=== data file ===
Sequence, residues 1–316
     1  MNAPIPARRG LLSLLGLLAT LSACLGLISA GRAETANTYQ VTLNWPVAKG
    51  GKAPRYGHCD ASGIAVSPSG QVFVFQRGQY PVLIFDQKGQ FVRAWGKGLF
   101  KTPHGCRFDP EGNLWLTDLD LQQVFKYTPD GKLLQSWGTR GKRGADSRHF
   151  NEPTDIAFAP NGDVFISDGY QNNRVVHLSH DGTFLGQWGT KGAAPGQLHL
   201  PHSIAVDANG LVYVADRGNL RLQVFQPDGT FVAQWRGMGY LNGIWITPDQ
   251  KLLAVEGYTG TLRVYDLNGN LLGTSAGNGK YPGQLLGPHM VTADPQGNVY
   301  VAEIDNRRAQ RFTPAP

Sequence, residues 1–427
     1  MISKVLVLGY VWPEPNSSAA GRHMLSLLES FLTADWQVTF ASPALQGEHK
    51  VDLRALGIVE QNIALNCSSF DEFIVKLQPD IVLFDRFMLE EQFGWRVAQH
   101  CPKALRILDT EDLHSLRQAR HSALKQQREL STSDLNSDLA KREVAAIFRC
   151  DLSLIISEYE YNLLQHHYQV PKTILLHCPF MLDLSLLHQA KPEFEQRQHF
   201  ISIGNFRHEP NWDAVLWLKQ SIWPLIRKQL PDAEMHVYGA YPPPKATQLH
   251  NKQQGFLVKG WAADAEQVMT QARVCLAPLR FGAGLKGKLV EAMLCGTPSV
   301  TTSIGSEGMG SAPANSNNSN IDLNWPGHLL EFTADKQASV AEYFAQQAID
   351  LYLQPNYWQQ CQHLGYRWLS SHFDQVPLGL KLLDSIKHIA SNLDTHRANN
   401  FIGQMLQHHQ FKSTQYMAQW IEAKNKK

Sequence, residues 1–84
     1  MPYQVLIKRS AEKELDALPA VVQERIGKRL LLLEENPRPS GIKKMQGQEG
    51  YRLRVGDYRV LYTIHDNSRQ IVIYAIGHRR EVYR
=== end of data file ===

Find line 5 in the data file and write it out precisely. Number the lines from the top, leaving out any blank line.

   151  NEPTDIAFAP NGDVFISDGY QNNRVVHLSH DGTFLGQWGT KGAAPGQLHL